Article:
Colfax Peak + Sherman Peak of Mount Baker via Coleman Glacier / 雪曼峯

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Colfax Peak and Sherman Peak are two sub-summits of the famous Mount Baker. Both high points are also on the Washington State Top 100 Peaks list. Coleman Glacier and Easton Glacier are the most common of all route choices.

Colfax Peak summit up ahead
Colfax Peak summit up ahead

See more trip photos here.

See this post for Sherman Peak in Pasayten Wilderness.

Colfax Peak and Sherman Peak at a Glance

Access: Heliotrope Ridge Trailhead
Round Trip: 14 miles
Elevation Range: 3680′-10160′
Gear: helmet, ice ax, crampons, snow, rock
GPS Track: available
Dog-Friendly: no

The Preface

After some talks, Lindsay, Duncan, and I teamed up for Colfax Peak and Sherman Peak. We came early in the season, hoping for more snow over the cruxes. To prepare for the trip, I did a conditioner in Teanaway.

We left our snowshoes behind because skiers had been up the mountain recently. So we decided to rely on their trails instead. Snow in the lower Coleman Glacier was excellent, and the tracks were easy to follow.

Entering Mount Baker Wilderness
Entering Mount Baker Wilderness

See more trip photos here.

Heliotrope Ridge Trail to Camp

Snow quality was unpredictable beyond Heliotrope Ridge Trail. So it made reaching the Grant-Colfax saddle seem forever. But glad that postholing didn’t post any issues. Before long, we had made it up to the pass.

So far, we’ve enjoyed the abounding views along the glacier. But at the saddle, we immediately felt the wind gusts going in all directions. It’s our only camp option due to the lack of trees.

Now let's get in formation
Now let’s get in formation

See more trip photos here.

Colfax Peak Climb

We roped up and went for Colfax Peak as soon as we settled in. The bergshrund below the east peak was visible from below. But we found an area with a decent amount of snow to climb over it.

Shortly, we went above the crux. Then we bypassed the east peak on steep slopes. From there, we dropped onto the saddle. Then we did the final climb via the east face. At the same time, we placed pickets on the steep terrain.

Basking in the sun
Basking in the sun

See more trip photos here.

Colfax Peak Summit

The wind continued on the summit. So it was colder than usual. But the fantastic views took our minds off of the gusts. Lincoln Peak on the west looked gnarly. Meanwhile, Grant Peak stared us down from the top.

We stayed just long enough to take in the immense landscape. Alas! It was hard to leave the summit. But we needed to make it back down to our campsite before dark. So we would have enough time to get ready for the next day.

Lincoln Peak from Colfax Peak
Lincoln Peak from Colfax Peak

See more trip photos here.

A Windy Night

The wind was relentless. The noise grew even louder as the evening slowly turned into night. So the three of us tried not to go outside our tents unless necessary. Then we all ate inside the tents.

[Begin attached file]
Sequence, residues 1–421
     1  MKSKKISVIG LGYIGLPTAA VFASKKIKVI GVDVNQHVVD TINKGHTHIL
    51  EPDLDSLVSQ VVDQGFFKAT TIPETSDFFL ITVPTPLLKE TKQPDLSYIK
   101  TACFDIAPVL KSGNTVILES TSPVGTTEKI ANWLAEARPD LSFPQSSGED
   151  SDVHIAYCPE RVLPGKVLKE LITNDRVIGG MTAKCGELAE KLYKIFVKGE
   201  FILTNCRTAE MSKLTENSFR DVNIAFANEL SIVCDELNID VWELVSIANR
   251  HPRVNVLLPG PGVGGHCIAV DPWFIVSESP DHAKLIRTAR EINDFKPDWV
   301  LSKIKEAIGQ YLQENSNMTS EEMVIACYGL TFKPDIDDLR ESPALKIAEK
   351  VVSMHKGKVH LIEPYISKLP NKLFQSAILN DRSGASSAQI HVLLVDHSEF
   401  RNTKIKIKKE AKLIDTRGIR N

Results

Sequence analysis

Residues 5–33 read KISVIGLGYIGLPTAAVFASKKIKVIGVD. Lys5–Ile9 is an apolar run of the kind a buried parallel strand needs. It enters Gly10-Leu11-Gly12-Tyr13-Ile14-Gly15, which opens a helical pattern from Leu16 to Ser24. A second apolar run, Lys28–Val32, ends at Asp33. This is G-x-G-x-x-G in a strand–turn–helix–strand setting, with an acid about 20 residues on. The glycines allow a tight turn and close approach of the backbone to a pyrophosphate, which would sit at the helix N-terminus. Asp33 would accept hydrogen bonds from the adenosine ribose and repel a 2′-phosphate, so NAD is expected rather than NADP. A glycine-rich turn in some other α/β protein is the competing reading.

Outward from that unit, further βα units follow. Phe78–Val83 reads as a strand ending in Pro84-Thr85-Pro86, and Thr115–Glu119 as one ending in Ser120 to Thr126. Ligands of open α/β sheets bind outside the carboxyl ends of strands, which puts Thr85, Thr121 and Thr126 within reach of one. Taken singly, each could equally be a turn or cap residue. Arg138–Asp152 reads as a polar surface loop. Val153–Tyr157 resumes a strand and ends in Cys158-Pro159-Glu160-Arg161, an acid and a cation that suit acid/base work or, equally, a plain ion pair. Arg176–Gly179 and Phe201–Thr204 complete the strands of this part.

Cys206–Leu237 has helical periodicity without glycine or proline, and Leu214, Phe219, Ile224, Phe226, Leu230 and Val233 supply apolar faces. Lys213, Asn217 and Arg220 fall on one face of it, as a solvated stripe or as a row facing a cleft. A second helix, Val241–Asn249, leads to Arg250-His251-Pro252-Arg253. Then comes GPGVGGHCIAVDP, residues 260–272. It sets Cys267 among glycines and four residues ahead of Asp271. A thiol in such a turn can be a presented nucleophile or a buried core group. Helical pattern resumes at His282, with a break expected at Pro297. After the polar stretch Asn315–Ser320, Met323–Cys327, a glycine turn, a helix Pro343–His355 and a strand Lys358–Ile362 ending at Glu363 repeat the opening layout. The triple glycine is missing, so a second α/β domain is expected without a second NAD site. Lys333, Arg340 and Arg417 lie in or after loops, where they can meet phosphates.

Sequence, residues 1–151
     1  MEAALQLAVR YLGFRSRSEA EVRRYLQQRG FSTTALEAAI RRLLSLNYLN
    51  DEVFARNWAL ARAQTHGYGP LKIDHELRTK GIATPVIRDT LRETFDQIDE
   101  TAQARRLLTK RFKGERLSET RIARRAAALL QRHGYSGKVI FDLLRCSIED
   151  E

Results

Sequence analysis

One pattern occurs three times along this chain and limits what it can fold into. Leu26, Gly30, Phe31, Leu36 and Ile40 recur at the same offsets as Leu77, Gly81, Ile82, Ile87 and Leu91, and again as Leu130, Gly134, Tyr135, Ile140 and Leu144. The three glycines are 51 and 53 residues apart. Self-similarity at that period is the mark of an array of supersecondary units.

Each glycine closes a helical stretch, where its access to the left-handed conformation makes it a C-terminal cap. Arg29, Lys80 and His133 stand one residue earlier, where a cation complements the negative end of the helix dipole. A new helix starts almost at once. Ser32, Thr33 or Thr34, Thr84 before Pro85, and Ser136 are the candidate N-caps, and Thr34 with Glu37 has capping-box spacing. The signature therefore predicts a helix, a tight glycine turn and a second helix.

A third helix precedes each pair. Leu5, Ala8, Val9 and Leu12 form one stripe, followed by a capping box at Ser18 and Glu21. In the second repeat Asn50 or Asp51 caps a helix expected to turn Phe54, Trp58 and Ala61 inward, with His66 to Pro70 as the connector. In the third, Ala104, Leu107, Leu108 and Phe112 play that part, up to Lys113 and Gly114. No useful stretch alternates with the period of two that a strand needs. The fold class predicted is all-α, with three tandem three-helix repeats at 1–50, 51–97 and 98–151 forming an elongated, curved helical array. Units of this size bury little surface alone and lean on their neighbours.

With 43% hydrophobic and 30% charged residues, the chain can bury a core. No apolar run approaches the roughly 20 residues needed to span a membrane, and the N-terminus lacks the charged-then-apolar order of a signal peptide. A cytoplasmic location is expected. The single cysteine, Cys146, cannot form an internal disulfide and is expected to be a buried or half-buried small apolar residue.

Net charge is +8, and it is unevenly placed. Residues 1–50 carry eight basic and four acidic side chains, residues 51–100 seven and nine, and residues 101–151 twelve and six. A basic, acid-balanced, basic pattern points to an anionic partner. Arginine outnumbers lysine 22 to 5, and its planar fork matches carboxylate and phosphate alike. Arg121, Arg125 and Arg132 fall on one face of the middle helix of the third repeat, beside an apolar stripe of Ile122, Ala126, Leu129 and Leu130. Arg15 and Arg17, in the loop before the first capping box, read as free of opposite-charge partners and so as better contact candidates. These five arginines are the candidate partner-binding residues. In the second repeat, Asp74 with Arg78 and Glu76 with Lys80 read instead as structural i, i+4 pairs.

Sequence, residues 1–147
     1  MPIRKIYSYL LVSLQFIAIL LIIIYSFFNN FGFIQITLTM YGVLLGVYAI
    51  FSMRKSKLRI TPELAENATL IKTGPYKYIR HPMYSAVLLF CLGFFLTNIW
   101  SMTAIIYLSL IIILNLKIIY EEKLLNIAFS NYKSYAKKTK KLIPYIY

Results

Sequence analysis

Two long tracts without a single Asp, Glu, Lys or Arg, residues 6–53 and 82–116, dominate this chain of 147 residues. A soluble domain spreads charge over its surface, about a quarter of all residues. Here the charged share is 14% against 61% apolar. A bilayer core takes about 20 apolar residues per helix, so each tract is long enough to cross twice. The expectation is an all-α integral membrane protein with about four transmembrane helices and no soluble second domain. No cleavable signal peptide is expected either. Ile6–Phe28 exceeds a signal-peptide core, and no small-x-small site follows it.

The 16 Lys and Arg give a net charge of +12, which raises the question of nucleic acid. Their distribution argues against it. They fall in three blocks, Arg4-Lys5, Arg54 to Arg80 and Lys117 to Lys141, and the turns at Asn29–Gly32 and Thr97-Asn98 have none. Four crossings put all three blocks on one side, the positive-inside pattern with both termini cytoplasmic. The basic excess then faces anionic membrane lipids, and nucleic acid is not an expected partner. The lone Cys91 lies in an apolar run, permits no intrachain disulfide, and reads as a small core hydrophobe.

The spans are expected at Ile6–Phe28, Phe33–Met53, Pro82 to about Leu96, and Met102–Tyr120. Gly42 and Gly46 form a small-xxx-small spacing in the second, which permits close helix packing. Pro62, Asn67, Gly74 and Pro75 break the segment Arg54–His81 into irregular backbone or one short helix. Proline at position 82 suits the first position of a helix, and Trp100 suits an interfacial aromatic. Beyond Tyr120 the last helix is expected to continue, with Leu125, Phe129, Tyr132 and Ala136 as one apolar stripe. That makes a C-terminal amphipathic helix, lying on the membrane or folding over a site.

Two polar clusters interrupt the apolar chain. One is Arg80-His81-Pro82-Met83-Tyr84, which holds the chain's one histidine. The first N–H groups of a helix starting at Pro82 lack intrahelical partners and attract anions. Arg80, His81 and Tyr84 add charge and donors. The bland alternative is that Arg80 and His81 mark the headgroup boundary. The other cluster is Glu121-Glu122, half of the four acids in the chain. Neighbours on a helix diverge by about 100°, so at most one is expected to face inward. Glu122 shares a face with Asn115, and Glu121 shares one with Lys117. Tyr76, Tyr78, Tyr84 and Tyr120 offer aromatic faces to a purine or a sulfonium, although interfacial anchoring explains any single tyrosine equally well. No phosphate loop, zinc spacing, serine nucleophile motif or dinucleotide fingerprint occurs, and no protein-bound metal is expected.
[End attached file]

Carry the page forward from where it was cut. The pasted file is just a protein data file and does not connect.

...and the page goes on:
It was a night of clear night sky. But the constant wind gusts could not have taken me out of the tent to shoot the stars. So I was happy to stay inside and go back to sleep.

Twin Sisters Mountain
Twin Sisters Mountain

See more trip photos here.

Sherman Peak Climb

We wanted to summit Sherman Peak early the following day and left at 8 AM. But we decided to wait for the sun to hit the south slopes first. Soon, we went by Sherman Crater Rim after going through Deming Glacier and Easton Glacier without issues.

The decent snow on the steep Squak Glacier allowed us to go straight up Sherman Peak’s west ridge. From there, the summit was only a steep climb away. We placed one picket 30 feet below the top to avoid sliding down the icy south face.

Sherman Peak up ahead
Sherman Peak up ahead

See more trip photos here.

Sherman Peak Summit

It was a bluebird day with stunning views everywhere we looked. North Cascades to the east were beyond spectacular. Mount Baker was right up in our faces since we were much closer to it now than Colfax Peak.

It wasn’t a roomy summit. We also didn’t stay long because of the constant wind gusts. So we made our way back down to the saddle and took a quick break. Then we retraced our steps back to our windy campsite.

Lincoln Peak and Colfax Peak from Sherman Peak
Lincoln Peak and Colfax Peak from Sherman Peak

See more trip photos here.

Outro

It was early afternoon. Packing up our gear didn’t go as smoothly as we had planned. It was annoying to try taking down the tents while fighting the wind. So by the time we started moving, it was already quite warm.

Coleman Glacier was slushier than the day before and didn’t make glissading enjoyable. The wind later stopped at the bottom of the glacier. Then we were able to exit the area more comfortably.

Group Kodak moment on Sherman Peak
Group Kodak moment on Sherman Peak

See more trip photos here.

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